The parasitic Hymenoptera USDA group
ran a study of color preferences of Hymenoptera in bowl traps a couple
of springs ago. They gave me the 8600 bees from that study and I
have summarized the results below and in an associated Excel file.
We are going to be jointly publishing that work hopefully sometime soon.
Lots of interesting things going on regarding changes across the
month of the study as well as site preferences. Presented
here are just the common species. Overall there was something around
100 species of bees detected which, amazingly, is more than a quarter of
the state's known bees. If you did a little back of the envelope
scratching it seems quite possible that running this small number of bowls
in this small area all year long could have yielded 50,000 bees and who
knows what fraction of the whole bee fauna would have been incorporated.
What do you know about your local bees?
Below is a description of the results taken
from the Excel file....check the file out .... we have included in
the file some fun mini-pie charts for each species that I particularly
"Based on data taken in 2007 from
the Smithsonian USDA ARS Parasitic Hymenoptera Group's study of color bowl
trap preference in Hymenoptera. Bowls were placed in 16 circles with
3 bowls of each color in each circle, bowls were randomly placed.
Bowls were run continuously for the entire month of May with material collected
every 2nd day. Location was a wide powerline right-of-way running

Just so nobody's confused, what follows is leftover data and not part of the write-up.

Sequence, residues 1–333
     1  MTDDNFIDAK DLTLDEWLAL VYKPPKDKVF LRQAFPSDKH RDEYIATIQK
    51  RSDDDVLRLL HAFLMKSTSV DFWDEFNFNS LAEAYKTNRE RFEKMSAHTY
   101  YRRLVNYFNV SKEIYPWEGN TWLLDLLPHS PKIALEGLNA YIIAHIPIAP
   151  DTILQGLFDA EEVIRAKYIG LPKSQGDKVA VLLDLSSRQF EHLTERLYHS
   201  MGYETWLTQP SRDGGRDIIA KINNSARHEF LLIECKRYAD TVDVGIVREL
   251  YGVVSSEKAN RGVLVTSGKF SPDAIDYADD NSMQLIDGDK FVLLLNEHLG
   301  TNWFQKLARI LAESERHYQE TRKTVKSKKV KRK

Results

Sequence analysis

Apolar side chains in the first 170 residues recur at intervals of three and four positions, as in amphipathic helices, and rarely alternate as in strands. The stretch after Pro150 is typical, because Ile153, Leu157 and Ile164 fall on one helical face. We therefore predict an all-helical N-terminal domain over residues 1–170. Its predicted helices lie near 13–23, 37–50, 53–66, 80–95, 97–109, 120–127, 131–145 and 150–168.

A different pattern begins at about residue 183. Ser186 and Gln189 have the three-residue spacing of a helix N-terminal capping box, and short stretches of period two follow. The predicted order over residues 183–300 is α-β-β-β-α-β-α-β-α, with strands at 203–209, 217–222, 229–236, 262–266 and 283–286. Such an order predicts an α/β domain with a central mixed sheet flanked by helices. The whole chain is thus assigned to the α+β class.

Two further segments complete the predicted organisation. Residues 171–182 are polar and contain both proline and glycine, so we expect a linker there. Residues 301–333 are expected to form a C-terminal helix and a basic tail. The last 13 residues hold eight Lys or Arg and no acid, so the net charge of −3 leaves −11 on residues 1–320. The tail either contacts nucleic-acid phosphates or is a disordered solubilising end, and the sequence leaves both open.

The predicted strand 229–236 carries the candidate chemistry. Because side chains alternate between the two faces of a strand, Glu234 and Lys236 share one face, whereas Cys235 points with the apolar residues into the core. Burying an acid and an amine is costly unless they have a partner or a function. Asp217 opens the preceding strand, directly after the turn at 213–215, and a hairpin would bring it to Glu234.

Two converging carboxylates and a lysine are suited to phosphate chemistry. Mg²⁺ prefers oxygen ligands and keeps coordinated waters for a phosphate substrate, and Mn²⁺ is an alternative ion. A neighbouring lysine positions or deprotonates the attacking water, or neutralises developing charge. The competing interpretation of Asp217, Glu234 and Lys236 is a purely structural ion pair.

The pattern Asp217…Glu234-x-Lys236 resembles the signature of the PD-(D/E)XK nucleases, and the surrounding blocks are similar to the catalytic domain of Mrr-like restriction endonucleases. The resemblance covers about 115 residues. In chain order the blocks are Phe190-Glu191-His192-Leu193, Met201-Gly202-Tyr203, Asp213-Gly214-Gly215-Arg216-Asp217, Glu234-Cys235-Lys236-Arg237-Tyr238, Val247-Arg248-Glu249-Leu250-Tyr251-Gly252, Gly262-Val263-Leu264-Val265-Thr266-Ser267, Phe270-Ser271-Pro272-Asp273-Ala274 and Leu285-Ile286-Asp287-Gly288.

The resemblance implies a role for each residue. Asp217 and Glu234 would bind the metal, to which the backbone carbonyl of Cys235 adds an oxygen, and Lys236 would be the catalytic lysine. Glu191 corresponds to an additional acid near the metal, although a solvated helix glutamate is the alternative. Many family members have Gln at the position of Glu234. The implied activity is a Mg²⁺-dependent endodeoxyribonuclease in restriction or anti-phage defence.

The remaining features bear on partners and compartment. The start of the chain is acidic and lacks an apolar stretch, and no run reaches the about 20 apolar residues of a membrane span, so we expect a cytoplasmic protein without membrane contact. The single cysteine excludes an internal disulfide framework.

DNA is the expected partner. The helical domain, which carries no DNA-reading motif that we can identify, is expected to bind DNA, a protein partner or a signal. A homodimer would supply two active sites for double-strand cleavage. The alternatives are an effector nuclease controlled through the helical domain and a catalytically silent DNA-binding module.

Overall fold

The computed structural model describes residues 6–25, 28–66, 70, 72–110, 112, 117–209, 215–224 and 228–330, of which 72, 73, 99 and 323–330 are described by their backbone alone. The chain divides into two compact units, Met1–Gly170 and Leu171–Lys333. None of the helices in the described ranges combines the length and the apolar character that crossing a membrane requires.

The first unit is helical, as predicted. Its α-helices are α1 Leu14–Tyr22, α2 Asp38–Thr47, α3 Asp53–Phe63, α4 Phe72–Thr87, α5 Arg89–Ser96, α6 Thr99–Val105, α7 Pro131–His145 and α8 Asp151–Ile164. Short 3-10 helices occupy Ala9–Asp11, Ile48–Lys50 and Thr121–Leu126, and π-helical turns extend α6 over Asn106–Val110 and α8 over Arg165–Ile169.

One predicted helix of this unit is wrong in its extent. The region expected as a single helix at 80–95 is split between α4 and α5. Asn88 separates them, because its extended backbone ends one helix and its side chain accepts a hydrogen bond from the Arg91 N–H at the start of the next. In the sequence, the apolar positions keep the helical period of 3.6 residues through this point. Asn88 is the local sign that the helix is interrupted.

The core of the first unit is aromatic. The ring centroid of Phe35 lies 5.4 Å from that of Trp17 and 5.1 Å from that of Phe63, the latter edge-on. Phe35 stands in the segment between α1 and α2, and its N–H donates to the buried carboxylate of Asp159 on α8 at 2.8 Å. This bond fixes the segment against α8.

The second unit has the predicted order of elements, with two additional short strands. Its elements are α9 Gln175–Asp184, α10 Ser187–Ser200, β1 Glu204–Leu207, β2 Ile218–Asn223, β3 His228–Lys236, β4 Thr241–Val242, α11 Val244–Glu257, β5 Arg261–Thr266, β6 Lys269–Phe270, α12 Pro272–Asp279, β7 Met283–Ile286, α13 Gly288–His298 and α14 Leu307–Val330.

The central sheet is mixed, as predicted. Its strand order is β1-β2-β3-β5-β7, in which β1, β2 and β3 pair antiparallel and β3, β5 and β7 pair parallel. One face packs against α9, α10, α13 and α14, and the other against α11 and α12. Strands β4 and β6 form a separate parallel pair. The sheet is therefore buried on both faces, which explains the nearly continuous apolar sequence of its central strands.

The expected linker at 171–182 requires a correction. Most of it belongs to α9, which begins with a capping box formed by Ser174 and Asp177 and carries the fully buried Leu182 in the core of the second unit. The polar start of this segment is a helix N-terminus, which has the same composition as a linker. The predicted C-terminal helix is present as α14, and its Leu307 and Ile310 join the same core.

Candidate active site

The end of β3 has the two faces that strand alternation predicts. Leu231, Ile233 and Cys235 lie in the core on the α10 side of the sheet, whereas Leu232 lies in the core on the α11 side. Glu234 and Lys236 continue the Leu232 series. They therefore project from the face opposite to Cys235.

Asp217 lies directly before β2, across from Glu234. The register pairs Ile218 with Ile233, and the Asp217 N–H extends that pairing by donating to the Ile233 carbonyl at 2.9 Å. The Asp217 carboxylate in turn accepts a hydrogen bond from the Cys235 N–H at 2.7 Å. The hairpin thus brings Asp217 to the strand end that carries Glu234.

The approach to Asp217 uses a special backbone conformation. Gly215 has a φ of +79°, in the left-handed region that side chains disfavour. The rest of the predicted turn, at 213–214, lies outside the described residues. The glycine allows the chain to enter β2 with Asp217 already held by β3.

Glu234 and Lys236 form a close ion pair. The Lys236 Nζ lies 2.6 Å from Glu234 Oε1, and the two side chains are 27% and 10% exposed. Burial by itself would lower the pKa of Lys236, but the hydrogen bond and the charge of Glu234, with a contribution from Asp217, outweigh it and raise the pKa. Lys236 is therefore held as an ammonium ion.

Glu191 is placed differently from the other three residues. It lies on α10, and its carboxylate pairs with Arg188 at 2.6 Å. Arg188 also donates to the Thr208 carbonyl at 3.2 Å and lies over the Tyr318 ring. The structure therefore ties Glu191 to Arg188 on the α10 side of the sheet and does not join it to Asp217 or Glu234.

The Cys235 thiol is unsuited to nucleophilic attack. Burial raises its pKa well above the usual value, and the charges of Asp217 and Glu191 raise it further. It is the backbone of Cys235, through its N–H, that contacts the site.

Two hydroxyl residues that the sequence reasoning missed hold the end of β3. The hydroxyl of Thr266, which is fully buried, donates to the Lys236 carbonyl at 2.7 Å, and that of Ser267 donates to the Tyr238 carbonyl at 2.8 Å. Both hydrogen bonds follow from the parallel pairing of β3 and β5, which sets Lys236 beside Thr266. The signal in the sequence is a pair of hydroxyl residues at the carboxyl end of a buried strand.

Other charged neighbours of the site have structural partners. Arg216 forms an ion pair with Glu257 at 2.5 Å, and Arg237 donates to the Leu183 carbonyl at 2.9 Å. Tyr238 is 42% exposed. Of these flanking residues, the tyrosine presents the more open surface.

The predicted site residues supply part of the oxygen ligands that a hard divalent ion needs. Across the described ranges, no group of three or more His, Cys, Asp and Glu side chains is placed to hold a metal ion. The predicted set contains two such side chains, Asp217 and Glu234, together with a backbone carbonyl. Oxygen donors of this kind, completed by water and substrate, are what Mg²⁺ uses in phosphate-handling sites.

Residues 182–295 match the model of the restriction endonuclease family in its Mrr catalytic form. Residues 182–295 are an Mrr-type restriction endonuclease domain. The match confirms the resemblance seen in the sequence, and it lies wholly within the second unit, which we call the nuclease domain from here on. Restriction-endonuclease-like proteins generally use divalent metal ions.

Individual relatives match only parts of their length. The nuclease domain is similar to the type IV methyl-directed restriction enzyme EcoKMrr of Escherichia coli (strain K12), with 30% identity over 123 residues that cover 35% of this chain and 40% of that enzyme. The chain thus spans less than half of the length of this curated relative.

through an upland deciduous forest (with swamps and fields nearby)
in northern Calvert County, Maryland, U.S.A. near the Chesapeake Bay .
The data here are for species which occurred 10 or more times. If
not mentioned then the sex is female. Note that the florescent yellow
bowls had only one coat of paint rather than the usual two and had significant
fading over the coarse of the study. Highest or tied highest counts
for a species/sex combinations occurred with the following colors:
19 white, 4 blue, 7 florescent blue, 20 yellow, 10 florescent
yellow, 0 red, 0 clear.
In a practical sense this is again pretty
clear evidence that one needs a blue, yellow, and white component for trap
Sam Droege sdroege@...
w 301-497-5840 h 301-390-7759 fax 301-497-5624
USGS Patuxent Wildlife Research Center
BARC-EAST, BLDG 308, RM 124 10300 Balt. Ave., Beltsville, MD 20705 Http://www.pwrc.usgs.gov
Had I not seen the Sun
I could have borne the shade
But Light a newer Wilderness
My Wilderness has made -
- Emily Dickinson
Bees are not optional.
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